My dear husband recently confided that one of his fears about aging is that he will one day be eating peanut butter sandwiches by himself, lonely and nutritionally deficient. While I think he was trying to tell me that he appreciates my cooking and companionship, he was onto something beyond the two of us. When people eat alone, research shows, they are prone to eat less healthily, to skip meals, and to have poorer moods than those who seek out the company of others. “Commensality”, the sharing of food with others, is good for the physical and mental health of adults, regardless of their age or life stage. The research on the emotional, cognitive, and physical benefits of family meals for kids is well known, but scientific studies also reveal that eating with others is good for the nutrition and mental health of adults.
Over the course of the life cycle most of us will eat more meals with other adults than with our children. Picture a family with two adults who have a child or two. If the adults stay together into old age, those adults will end up having many more meals without children around the table than they had with them. Consider these stages over the course of the life cycle when adults could expect to eat without children around the table: The time when couples are getting to know one another and becoming a couple through marriage or commitment; when a couple may wait to eat alone until after they’ve put the baby in their crib; the time when adolescents are still living at home but not reliably home for dinner. And then there is the longest stage of the life cycle, from the time that kids leave home until retirement, followed by post-retirement until death. What might be expected at each stage of the life cycle that features these adult-only meals?
Newly coupled or married: One of the main jobs of this stage of life is for two people to make a myriad of decisions together that they previously had made separately. Along with deciding where to live and how to spend time and money, decisions about mealtime bring into focus what they each wants to carry forward from their childhoods, and what to leave behind. Will we cook or get take-out? What kind of food will we eat? Will we share the invisible labor of making meals happen? Will we talk at meals or catch up on emails? These early choices about mealtime are part of what will define the new couple.
New Parents: After a day that revolves around nursing or bottle-feeding an infant, many new parents crave the chance to catch their breath without a baby on their chest. Until a child can sit at the table, family dinners may well take place in that brief moment of serenity when an infant is put down to sleep and before he pops up for his own round-the-clock dining experience. Tired new parents may not have much energy to talk about weighty topics, perhaps just glad to have made it through another day. Researchers have found that once parents have toddlers, those who develop a dinnertime ritual feel more satisfied with their marriages. Perhaps the benefit comes about because parents of young children may crave some predictability and routine when the rest of their life is very hectic and fragmented.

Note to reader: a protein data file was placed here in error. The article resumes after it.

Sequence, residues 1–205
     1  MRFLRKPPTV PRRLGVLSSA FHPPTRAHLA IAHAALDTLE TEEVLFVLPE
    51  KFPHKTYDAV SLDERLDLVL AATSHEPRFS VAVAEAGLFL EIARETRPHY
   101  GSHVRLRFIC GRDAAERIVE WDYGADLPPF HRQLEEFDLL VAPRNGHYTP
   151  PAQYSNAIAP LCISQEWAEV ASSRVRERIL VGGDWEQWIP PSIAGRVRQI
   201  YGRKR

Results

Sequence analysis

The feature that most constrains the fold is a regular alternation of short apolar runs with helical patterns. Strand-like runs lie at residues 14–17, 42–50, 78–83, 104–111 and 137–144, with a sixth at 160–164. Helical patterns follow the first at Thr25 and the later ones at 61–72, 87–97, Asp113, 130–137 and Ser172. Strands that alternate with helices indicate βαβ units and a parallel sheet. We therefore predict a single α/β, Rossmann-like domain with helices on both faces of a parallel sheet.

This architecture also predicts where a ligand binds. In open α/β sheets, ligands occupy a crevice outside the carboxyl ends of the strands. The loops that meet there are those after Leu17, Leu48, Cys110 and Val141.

Parenting teenagers: During this period, time at the dinner table may feel like a foreshadowing of the years ahead when teens have left home. Statistically, the frequency of family dinners with teens at the table goes down compared to dinner with elementary-aged kids. With many competing demands on their time, many adolescents will forego family dinner to attend rehearsals, soccer practice, or after-school jobs that bleed into the dinner hour. Parents may start to anticipate what it will soon be like to be staring at each other across a suddenly less crowded table.
Empty nest: Many parents find this a bittersweet time—on the one hand enjoying how much more relaxed they can be around the timing and preparation of meals, while on the other hand missing the liveliness of children’s presence and their tales of school and peers. When my children first left for college, my husband and I acted like rebellious teens. We ate at 9 PM, watched TV while we ate (something strictly forbidden when the kids were growing up), and snacked on cheese and crackers so that we ruined our appetites for dinner. Eventually, we eased into a new routine that helped to define our new identity as a couple. We embraced leftovers to cut down on having to cook every night, we read news stories to each other, and we inevitably asked each other, “What do you think our kids are up to?”
In old age: As MFK Fisher, the renowned food writer, noted, “For many old people, eating is the only pleasure left, as were the endless dishes and the unceasing cups of wine to the aged Ulysses.” As we age, we lose some sensitivity to sensations of hunger and thirst, and with less activity, we often have less of an appetite. In thinking about meals, visual cues may be more important than taste and smell, and food memories are the most powerful seasoning of all. When my father was in his 90s, he savored a baked apple that brought him back to his childhood, or a sweet potato pudding that reminded him of his deceased wife.
And if you think of family as anyone who makes you feel like home, then there are even more possible opportunities to eat with adults who could be a close friend, a neighbor, or work buddy. These adult meals with people who aren’t your literal family are just as good for body and soul as any family dinners. So, gather round and enjoy!